Do you have a farm where you plant these crops?

No. For the time being, we get them from some farmers. But our plan is to have a farm where we will be producing the crops ourselves, sort of backward integration if you like. 


You mentioned price fluctuation as a challenge; aside from that, what other challenges do you face doing business?

Another challenge is the delay in delivery we sometimes experience from the side of the drivers who transport the goods to the customers. But we are also working towards solving the problem. You know you don’t get such issues with reliable drivers. For the clothing business, because we just started, so far, we don’t have any big challenges, and it’s our prayer that we will not have any as the business flourishes. 


What makes you love the business?

I have a passion for business. Although there are challenges here and there, there’s always this joy that comes with doing what you have passion for. There are times when you’ll be constrained by challenges so much you think of quitting the business, but with support from parents, we are moving on. Recalling the ambition I had since childhood and looking at the fact that I’m on the road to achieving and actualizing the dream, I feel at ease and happy that I’m on the right track. 


What resources or books did you read that is instrumental to the growth or success of the business?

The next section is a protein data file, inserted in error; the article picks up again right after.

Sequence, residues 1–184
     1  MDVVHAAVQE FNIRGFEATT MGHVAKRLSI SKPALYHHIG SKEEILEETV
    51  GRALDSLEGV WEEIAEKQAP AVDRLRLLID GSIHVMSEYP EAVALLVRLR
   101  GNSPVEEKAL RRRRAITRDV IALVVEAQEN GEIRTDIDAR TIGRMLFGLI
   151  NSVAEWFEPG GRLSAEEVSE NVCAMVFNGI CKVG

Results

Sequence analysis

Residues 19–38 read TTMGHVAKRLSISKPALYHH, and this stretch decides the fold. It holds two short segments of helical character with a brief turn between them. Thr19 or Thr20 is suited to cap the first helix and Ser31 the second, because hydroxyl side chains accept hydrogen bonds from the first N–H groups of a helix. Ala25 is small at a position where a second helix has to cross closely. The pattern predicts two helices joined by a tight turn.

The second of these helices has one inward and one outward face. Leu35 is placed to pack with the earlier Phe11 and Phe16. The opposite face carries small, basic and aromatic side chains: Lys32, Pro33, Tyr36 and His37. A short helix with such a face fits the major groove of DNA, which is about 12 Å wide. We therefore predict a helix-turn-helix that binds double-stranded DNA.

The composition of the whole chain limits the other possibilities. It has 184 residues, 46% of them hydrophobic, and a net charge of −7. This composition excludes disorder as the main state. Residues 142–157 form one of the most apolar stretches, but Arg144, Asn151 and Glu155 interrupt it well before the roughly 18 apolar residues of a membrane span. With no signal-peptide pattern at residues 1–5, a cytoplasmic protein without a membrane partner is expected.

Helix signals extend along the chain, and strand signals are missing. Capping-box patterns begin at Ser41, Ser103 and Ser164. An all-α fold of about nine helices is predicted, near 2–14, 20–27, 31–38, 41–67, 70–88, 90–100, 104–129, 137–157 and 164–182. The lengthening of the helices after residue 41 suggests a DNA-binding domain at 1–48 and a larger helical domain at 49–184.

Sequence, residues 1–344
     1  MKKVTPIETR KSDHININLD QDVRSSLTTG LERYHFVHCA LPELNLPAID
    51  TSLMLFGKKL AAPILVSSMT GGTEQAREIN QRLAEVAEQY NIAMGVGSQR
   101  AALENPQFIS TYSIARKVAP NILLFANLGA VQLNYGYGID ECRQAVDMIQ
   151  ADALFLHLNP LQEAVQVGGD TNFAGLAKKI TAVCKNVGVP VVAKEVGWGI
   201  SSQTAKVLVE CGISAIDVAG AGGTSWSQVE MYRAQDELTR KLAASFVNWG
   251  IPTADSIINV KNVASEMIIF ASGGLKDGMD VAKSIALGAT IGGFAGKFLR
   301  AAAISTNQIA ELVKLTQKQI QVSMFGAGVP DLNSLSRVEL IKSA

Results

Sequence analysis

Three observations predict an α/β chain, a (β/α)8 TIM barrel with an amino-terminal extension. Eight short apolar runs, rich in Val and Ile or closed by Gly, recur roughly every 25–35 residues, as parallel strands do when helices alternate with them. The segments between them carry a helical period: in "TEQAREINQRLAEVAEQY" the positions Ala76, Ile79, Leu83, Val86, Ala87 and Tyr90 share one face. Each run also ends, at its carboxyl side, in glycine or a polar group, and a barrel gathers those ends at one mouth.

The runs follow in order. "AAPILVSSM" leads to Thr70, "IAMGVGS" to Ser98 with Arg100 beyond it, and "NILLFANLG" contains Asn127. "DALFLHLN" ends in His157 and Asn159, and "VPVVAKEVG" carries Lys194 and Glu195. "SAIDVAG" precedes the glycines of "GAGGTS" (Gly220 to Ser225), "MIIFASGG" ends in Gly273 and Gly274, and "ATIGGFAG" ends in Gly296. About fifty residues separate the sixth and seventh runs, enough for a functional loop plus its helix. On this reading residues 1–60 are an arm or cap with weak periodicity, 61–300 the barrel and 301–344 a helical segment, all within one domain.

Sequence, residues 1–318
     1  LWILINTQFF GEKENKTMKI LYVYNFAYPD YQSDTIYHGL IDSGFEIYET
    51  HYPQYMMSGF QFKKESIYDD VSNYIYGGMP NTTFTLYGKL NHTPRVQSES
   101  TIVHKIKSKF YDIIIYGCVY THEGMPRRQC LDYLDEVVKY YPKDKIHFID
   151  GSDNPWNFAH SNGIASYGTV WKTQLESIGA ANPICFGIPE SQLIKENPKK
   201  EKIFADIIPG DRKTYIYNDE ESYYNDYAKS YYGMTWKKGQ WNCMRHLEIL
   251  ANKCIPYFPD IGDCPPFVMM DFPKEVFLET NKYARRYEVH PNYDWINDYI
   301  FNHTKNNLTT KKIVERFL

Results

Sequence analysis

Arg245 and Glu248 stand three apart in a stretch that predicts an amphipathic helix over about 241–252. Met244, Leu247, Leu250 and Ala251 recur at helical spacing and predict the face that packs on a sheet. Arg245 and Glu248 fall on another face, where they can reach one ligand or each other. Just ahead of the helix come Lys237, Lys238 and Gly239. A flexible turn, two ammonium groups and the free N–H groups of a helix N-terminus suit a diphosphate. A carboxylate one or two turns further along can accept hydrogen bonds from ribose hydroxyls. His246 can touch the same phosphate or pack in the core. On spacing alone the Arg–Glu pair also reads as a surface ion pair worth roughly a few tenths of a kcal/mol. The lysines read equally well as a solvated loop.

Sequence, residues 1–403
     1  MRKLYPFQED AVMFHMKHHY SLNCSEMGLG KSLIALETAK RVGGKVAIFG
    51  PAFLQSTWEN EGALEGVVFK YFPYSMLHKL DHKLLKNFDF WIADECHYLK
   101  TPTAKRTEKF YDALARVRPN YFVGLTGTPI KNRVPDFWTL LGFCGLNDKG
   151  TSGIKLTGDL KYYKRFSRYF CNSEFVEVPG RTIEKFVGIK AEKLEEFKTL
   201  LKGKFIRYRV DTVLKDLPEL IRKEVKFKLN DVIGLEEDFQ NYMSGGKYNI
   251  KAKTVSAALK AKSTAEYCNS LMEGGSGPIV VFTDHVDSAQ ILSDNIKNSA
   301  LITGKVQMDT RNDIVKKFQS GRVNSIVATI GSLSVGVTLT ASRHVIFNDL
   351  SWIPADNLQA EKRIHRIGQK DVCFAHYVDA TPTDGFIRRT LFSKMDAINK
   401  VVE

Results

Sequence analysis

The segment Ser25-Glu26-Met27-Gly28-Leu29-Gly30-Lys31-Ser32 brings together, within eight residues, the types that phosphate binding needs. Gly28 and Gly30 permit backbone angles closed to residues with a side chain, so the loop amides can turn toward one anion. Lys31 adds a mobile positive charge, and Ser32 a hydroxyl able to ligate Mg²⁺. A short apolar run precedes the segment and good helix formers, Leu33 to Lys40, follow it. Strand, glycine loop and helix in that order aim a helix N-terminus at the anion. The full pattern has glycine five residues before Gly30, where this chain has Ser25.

I read The Smart Money Woman: An African Girl’s Journey to Financial Freedom by Arese Ugwu. I’ve, through the book, learned a lot of things – how to manage customers, manage the financial status of the business, and other things. And Tambari magazine had also been helpful because that was the first resource I used that broadened my business horizon. I also use the internet to search, research and get acquainted with ideas on how to be successful in the businesses I run. 


I understand you started the clothing business in 2022, would you mind sharing with us the annual revenue of the other businesses you operate?

Alhamdulillah, we are recording sales and realizing a reasonable profit. We keep records of all our sales. We have a sales book where we record the sales, and we use that at the end of the month to calculate the total annual sales and profit. For the fruits and veggies, we have recorded good sales, even though the crops are seasonal, meaning they are not available all year round. The clothing business too is coming up and we are making headway even though we have challenges getting our goods from Kano and Lagos.